"You needn’t stay if you do not wish, but I should think it for the best Watson. If I am wrong, than I am simply the most unamiable man in London, and your wife will have one more reason to hate me. If I am right, then you have been saved from an untimely matrimony, and we catch a criminal in the process."

He groaned, "You haven’t proof."

"I have enough proof. You’ve confirmed you have been blackmailed, and it is within your right not to share the circumstances. While I may accept your privacy, however unwarranted, I am not such a poor friend as to see you place your head upon a chopping block. I suggest you stay and listen. Should I be wrong, your wife to be need not be the wiser you were present."


"Watson, how many years now have you known me? Should you place your trust instead in a woman whose acquaintance you have barely shared for a year?" Again I felt a pang of injury at the implication, all the more by the contents of the letters.

Still, my feelings had no place in the matter, and giving into them would simply prove folly.

Something crossed his face, unreadable and dark, but then a hint of a smile, "Holmes, I should daresay you sound jealous."

I could feel the documents burning into my skin, tucked against the inner pocket of my coat.

"Injured, my dear boy. After all we have been through and now you should not seek my advice."

I could see the struggle and then a nod, "We will do it your way, but if you are wrong Emma shall not know. I would not wish her to be hurt by your callous disregard. She has been wronged enough in this situation, and I wish to do her right even if my own reasons are selfish."

A ridiculous notion, when the most selfish man in London sat across from him.

"My word Watson."


"Come in."

Her raven hair fluttered down her back in soft curls, and a tiny hat pinned against her forehead. Her eyes were momentarily startled, and then delight as she brushed her lush velvet gown.

"Oh! Mr. Holmes, how lovely! I was suppose to meet John- Did he step out then?"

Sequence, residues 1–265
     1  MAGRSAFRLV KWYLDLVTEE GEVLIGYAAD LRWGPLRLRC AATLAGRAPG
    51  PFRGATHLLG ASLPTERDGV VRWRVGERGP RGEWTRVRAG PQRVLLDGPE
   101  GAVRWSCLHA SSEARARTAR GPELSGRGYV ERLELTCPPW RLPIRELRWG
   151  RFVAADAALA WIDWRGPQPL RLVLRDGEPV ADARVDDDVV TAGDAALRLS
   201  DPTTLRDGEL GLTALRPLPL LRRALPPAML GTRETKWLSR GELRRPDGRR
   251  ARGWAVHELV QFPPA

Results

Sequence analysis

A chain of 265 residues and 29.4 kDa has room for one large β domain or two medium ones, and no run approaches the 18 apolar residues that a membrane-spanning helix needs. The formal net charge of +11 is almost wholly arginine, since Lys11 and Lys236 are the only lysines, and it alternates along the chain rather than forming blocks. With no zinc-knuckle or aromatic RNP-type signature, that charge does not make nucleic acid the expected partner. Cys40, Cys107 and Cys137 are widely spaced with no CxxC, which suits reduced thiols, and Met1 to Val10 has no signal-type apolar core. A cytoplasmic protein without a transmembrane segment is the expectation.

I watched as she tilted her head the way as a cat might, just before nipping its prey. Her bright green eyes caught mine, and the farce was so poorly played now that I laughed to have not seen it before.

"Ah but you know he did not," I said as I folded my fingers in my lap and leaned back to observe her.

She was good. I admitted that much as she looked at me puzzled, "Why whatever could you mean? He said-"

I let out a slight cough to interrupt her needless banter, "You know, as well as I, it is the fourth of the month and our mutual friend has a standing luncheon with Michael Stamford. He rarely misses it, unless for a case or some matter of rather dire importance. All the more, he told me that himself an hour past when he left."

I allowed my eyes to linger on her face as I saw her lip twist in amusement. When she did not speak, I continued on.

"Meaning, of course, you wished to speak to me rather than him."

A sharp laugh tumbled from her lips, "Oh very good Mr. Holmes, how very good indeed. What else?"

"Should I reveal it all now? Or did you wish to share some yourself?"

Another laugh as she allowed herself to settle in the chair across from me, "By all means, please enlighten me."

"I know that you blackmailed him some time ago, and Watson is completely unaware of your duplicity on the matter. Rather, it seems to him like a well-timed match, and that you are both lovely and intelligent made it a rather easy decision for him to make."

The giggle that escaped her tugged at my memory. Again I found myself confronted with the knowledge I had met the woman before.